How much do you really know about your pension? We recently surveyed 2,000 defined benefit pension holders in the UK and discovered many were unaware of how their pensions actually work.
To help clear things up, we’re looking at 10 of the most common things people believe – to see if they’re true or false.
But first of all, what exactly is a defined benefit pension?
What is a defined benefit pension scheme?
A defined benefit pension scheme, sometimes known as a final salary scheme, is a fixed sum of money that is paid out from your former employer’s pension scheme when you retire. It will give you a guaranteed income for the rest of your life, however long you live.
We help protect your benefits if you’re in a private defined benefit pension. Defined benefit (DB) pensions are still common in the public sector and there are over 5000 private DB schemes in the UK - though many are now closed to new members. Over 18 million people in the UK have one.
Are your pension beliefs true or false?
From speaking with people about pensions, we’ve identified 10 common beliefs people hold about their DB scheme. Some are true, others are false, but which is which? Test your knowledge by reading the statements below.
1. A defined benefit pension will give me a guaranteed income for life
If you’ve ever been in a DB scheme, you’ll receive a fixed sum of money for the rest of your life. You’ll normally need to reach your scheme’s retirement age to receive your full pension but if you start to receive your payments earlier, you’ll generally receive less.
2. My defined benefit pension will pay me the same as my annual salary
DB pensions are sometimes known as ‘final salary schemes’. This can cause some confusion, since it sounds like you’ll receive the same amount you earned in your final year of work for the rest of your life. Unfortunately, it doesn’t quite work like that.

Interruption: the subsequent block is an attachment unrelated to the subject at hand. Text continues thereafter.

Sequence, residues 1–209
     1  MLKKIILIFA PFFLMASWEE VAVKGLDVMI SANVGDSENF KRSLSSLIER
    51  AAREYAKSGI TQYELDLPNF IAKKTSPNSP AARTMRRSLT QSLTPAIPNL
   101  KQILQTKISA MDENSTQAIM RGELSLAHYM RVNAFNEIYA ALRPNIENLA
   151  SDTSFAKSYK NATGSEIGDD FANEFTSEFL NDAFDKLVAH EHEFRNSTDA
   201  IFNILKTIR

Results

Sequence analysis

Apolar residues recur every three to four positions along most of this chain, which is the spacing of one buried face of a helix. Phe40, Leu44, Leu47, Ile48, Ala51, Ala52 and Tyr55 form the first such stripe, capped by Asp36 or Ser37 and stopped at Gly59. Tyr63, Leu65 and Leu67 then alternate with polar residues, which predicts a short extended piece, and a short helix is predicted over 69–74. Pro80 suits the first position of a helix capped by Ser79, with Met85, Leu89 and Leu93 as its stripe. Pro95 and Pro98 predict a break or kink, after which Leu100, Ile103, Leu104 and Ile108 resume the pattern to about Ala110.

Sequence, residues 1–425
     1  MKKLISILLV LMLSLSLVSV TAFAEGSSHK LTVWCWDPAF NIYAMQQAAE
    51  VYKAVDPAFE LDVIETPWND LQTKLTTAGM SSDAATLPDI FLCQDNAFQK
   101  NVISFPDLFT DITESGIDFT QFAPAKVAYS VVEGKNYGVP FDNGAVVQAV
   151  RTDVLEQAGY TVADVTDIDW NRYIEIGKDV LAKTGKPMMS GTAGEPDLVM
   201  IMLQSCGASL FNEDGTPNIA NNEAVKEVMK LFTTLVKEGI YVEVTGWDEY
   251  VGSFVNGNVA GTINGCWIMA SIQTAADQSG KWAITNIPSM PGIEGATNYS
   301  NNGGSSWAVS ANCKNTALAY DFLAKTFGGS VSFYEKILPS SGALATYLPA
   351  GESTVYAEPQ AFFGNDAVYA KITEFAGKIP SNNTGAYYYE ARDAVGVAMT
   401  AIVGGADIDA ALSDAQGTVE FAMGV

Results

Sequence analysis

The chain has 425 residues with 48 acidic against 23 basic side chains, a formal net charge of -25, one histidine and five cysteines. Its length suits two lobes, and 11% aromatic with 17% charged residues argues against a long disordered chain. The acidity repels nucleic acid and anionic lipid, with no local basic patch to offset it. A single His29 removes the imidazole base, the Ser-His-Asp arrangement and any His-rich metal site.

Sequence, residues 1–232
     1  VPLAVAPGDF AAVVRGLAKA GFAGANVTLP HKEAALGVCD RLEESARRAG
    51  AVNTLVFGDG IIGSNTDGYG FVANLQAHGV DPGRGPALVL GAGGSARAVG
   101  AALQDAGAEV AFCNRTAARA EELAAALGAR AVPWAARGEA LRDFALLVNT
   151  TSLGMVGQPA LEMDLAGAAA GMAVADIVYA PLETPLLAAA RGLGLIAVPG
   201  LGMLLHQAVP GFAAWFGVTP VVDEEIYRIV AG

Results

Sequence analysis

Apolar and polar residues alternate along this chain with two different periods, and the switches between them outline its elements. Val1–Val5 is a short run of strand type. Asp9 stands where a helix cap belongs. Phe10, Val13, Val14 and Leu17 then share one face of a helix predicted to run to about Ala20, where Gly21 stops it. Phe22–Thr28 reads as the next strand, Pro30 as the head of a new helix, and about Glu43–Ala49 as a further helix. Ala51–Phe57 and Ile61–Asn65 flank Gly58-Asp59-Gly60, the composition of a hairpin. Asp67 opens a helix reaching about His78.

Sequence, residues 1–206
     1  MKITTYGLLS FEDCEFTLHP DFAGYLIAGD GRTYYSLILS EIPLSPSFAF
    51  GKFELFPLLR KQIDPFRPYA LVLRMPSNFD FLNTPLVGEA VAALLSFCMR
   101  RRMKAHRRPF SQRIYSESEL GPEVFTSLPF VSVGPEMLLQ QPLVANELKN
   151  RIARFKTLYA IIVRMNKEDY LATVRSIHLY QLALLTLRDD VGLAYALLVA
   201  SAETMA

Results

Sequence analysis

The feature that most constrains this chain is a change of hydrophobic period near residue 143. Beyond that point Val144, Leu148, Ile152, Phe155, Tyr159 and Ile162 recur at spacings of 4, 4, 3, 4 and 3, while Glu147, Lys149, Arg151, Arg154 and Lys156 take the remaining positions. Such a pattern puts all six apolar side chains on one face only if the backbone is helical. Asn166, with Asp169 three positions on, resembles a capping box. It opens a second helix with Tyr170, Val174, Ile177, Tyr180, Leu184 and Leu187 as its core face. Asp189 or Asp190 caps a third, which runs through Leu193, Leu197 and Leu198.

There are several factors that determine how much you’ll receive each month, including:
- The scheme’s ‘accrual rate’ – the percentage of your salary used to calculate your pension each year
- Rules of the pension - some are calculated by your final salary, others by your average salary
- How long you worked for your employer
- How many pension schemes you had, and what type they were
Some of the factors schemes use to calculate your pension can change over time, so it’s important to stay up-to-date and get regular calculations, so you know where you are when you come to retire.
How accrual rates work
Many DB schemes have an ‘accrual rate’ of 1/80, which means you’ll receive a pension equivalent to 1/80th of your salary, multiplied by the number of years you worked for the employer.
Kelly has worked as a teacher at the same school for the last 20 years and is in a DB pension scheme with a 1/80 accrual rate. In her final year, she is earning £40,000. To calculate the pension from this job:
- She divides £40,000 by 80 = 500
- She multiplies 500 by her 20 years’ service = 10,000
This means Kelly will receive a pension of £10,000 per year from that pension scheme.
3. I’ll lose all my pension if my employer goes bust
One of the many benefits of having a private defined benefit pension is that it’s protected by us. If the employer who provided your DB pension goes out of business, and your scheme doesn’t have enough money to pay you what you were promised, you’ll become a PPF member and we’ll compensate you for your lost pension.
As a PPF member you’ll get 100% of your expected pension if you’ve already reached your scheme’s pension age, or 90% if you’re below that age when the employer fails.
Worried about your pension? Learn more about which schemes we protect.
4. My state pension will be enough to support me in retirement
The state pension can be thought of as a safety net. It’s unlikely to be enough for most people to live on in the UK. For example, in 2021, someone on a full state pension could potentially receive £179.60 per week.
This amount may not be enough to live on between housing, bills, food, and care costs. This is why most people take out some sort of pension – either through their employer or privately.
To see how much state pension you will receive, you can check your forecast on the GOV.UK site.
5. I can only take my defined benefit pension once I stop working
You don’t have to stop working to start to receive your DB pension. Once you reach your scheme’s normal pension age (NPA) you can retire and start to receive your pension whether you’re working or not.